What’s really going on?

The underlying object carried by the result event is a Proxy Object, and not an ArrayCollection, nor an array.  It could look like an ArrayCollection, but only if handled in a particular way.

Why can’t the problem be fixed?

Because the paradigms have been mixed, and they can’t be unmixed. 

The paradigms I refer to are what contrast delayed instantiation, which is characteristic of functional programming languages like Scheme, Lisp, and Haskell, and eager evaluation, which is typical of declarative programming languages like C, Java, and PHP.  In order to force declarative languages to use delayed instantiation (or lazy acquisition, or lazy loading), a bit of code has to be put in place to manage the laziness properly, and as unobtrusively as possible.  The pattern typically used is the Virtual Proxy Pattern.

In this pattern, the interface to the object that is presented, is in fact, a proxy.  It may return the real fully populated object, and it may return a shell.  That all depends on how it is implemented.  In Flex, if an object is not quite ready, you can bind it with no problem, but you don’t want to directly access the underlying object, or its members.  There are interfaces (like ArrayUtil) which you can operate through to either force it to load up all of the data, or to tickle the object, and set a listener for when it is populated (basically binding).

The Rich Client interface in Flex, provides many cases where this behavior is desireable, and to force it to load up all of the data is not always appropriate.  It is similar to the problem developers run into when they first start trying to actively drive a command into a view that has not been instantiated.  They will get a null error.  Then, after trying many things, and poring through the books, they find creationPolicy=”ALL”.  And the immediate error goes away.  That is how you defeat delayed instantiation in your views.

But, the delayed instantiation is there for a reason.  It was put in place to solve a problem, and by incrementally removing the solution, without understanding what it solved, is tantamount to inviting or encouraging the problem to surface.

It’s all about timing.  And making good use of time, which can be devoured very quickly by rich user interfaces.  For anyone who has done Windows programming, or other UI programming, you might be familiar with onDraw() event handlers for views, and how that all happens on a larger reDraw cycle.  The same principle applies here.  The data and the view are on different schedules.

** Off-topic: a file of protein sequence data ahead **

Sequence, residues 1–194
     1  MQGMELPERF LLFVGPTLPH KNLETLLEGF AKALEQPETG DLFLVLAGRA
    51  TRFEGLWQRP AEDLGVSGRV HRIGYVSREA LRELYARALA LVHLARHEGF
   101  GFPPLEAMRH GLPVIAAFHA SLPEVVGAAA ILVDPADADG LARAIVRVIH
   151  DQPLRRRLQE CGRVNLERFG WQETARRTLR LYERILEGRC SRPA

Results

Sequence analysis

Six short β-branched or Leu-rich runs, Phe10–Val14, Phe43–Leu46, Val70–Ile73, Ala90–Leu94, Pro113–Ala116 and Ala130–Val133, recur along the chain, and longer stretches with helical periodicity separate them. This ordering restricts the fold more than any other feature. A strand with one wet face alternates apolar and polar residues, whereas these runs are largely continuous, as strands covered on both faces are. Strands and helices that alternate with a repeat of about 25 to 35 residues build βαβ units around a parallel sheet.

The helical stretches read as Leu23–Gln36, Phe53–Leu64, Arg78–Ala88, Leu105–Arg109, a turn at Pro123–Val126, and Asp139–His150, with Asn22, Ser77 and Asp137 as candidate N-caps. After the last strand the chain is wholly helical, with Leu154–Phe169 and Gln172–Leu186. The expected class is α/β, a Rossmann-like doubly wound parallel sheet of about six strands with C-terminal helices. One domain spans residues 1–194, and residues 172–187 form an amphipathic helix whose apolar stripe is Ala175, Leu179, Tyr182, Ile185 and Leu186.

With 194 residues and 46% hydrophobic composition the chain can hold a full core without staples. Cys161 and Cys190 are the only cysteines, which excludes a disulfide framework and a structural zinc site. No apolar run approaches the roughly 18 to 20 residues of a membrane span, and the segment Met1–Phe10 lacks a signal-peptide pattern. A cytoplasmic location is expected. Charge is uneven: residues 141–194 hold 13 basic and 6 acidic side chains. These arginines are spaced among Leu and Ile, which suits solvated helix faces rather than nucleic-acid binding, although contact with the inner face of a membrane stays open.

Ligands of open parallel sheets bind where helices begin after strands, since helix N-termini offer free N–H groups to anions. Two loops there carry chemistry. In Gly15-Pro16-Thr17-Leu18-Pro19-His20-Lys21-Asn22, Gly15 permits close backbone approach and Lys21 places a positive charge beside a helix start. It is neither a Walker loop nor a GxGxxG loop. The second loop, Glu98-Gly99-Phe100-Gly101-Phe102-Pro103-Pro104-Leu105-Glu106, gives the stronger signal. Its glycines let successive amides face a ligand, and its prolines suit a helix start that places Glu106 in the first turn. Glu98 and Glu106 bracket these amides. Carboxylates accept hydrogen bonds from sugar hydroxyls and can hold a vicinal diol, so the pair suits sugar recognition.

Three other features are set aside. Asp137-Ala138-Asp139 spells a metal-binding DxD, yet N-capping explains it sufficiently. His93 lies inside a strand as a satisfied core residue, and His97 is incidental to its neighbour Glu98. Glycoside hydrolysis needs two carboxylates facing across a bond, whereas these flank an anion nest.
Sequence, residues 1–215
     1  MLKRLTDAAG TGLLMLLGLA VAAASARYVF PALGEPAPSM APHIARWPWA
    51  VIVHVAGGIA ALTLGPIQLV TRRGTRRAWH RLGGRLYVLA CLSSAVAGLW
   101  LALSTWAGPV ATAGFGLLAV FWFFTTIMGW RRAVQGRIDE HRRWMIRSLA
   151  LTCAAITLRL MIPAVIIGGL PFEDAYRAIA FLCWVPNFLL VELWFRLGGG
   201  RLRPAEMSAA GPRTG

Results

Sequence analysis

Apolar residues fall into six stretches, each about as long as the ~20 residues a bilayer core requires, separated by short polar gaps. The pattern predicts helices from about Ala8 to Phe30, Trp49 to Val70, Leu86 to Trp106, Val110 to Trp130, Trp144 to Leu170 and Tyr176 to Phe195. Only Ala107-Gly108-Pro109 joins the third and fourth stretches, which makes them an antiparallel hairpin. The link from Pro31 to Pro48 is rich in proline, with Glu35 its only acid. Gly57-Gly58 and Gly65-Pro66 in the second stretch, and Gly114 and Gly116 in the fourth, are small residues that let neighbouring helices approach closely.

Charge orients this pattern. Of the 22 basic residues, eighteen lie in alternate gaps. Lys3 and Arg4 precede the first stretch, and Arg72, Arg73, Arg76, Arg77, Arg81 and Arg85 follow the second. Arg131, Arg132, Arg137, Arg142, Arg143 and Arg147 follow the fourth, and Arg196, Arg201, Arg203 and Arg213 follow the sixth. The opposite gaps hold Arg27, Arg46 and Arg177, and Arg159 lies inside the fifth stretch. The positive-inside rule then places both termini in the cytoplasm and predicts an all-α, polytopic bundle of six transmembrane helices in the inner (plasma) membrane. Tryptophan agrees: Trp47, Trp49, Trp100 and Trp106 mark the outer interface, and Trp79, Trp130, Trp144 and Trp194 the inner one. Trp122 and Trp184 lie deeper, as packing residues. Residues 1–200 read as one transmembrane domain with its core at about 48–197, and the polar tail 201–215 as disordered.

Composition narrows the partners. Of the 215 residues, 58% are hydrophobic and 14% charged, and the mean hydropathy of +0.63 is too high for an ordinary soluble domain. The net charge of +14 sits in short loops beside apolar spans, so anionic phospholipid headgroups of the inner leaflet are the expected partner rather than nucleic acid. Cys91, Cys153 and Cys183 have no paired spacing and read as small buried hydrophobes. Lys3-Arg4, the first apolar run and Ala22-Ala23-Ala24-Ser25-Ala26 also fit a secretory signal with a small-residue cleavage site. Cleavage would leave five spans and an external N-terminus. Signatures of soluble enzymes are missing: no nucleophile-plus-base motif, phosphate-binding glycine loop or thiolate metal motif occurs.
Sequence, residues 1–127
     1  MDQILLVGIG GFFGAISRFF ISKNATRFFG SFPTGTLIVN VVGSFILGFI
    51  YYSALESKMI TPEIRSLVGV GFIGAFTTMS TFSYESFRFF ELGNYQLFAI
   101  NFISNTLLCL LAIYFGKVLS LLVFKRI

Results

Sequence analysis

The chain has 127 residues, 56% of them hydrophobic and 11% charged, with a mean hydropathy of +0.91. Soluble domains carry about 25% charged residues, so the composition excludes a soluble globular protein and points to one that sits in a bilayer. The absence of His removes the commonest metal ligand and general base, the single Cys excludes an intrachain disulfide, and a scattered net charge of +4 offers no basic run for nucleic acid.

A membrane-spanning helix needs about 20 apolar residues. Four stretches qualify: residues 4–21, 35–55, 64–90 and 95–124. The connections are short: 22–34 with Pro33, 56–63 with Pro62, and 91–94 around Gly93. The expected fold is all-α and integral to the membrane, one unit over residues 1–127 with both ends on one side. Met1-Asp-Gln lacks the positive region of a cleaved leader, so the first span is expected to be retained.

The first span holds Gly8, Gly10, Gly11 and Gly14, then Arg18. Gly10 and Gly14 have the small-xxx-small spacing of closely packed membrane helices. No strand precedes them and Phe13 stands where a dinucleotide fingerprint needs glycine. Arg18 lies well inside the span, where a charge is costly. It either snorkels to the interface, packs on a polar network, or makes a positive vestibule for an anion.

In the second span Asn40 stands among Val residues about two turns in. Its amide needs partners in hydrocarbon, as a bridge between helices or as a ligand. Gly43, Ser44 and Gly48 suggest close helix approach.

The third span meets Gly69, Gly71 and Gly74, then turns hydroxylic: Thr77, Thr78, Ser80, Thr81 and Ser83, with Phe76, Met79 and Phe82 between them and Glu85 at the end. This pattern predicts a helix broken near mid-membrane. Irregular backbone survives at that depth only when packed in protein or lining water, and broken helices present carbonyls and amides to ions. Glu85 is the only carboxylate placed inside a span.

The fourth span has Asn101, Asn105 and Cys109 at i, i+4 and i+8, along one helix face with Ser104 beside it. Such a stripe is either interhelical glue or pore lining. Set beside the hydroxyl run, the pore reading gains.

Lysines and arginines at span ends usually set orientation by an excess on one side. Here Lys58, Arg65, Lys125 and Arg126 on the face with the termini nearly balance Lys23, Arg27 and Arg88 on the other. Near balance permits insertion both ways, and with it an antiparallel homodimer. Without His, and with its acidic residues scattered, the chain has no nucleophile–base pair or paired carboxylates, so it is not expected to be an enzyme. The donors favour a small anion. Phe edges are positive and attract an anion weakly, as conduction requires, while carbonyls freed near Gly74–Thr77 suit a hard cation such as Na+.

When I continue, I will look at some code examples, with Haskell first, and then Java, for comparison.  Speaking of Haskell, looks like they have an actionscript byte code assembler for Haskell, with support for the Flash 9 virtual machine (AVM2).  Great work guys!

(to be continued)

Opposing Trends : Predictive Fetching and Lazy Loading

May 10, 2007

The Web is full of contradictions.  An animation toy (Flash), essentially a diversion, the antithesis of work, has been a driving force for Adobe in launching their forward strike to gain space on the user desktop.  Macromedia first, then Adobe, has the pole position now on the Rich Internet Application marketspace, with a strong solid product. (that was once a mere toy).

Now, inspired by animation strategies, perhaps, the practice of lazy instantiation, or delayed instantiation, or lazy loading seems pretty ubiquitous.  It is built into the Flex framework, and built into the ORM engines, and is a well worn design pattern for data access.  In animation, 3D animation, the computer, or the artist, need only draw the things which are seen.  There is no need to puzzle out what the other side of a building looks like if you never have to render it.  And there is no need to draw that little short guy, because the stout man is always directly in front of him.  And so it goes.  If animators, or cg, had to render every surface, then the production of animated sequences would take many times as long as it does, and it is processor intensive.

  For data access, lazy loading plays a similar role, in minimizing hits to the database, thus boosting performance overall, and raising capacity.  On the other side of the coin, however, is the bleeding edge of Web 2.0 concerns, not content with merely being fast, but wanting instead to peer into the future, patterns for prefetching some data are being used to enable typeahead controls, and faster access to some data sets.  And the proper positioning of the data depends on the usage of the data, which will vary from population to population.  And so to precisely balance the predictive client side cache load, with timely garbage collection, boosted by the yields of lazy loading for other objects requires statistical analysis of the user community, and to some degree, specialized analysis of the data usage patterns of the individual.

“Is this the type of guy who is only going to really look at the first 4 books on his book search?”  if so, we can get the first four, and maybe fake the rest with a proxy.  But is this same guy almost guaranteed to view every page with a “special offer” on it?  If so, some of this data may do well to be prefetched or staged for him.

So, do we run headfirst into the first into the first wave of Delayed Prediction engines?  More likely, we deal, as best as we can with the business problems at hand, always keeping an eye out for the low hanging fruit.  And for some software house, which will be bought by a larger company, and then swallowed by a mega corporation, for that plucky little entrepeneur will see huge gains by implementing a liquid GUI, with predictive fetching, lazy loading, statistical throttling, enterprise messaging, as a framework for the company’s killer app.  We shall see. 

Flex, Spring, iBATIS, Cairngorm: Bringing It All Together

May 10, 2007

Chris Giametta gives instructions for everything you need, right now, today, and it is all possible.  Flex, Spring, iBatis, and Cairngorm.  Grab your favorite power drink and enjoy: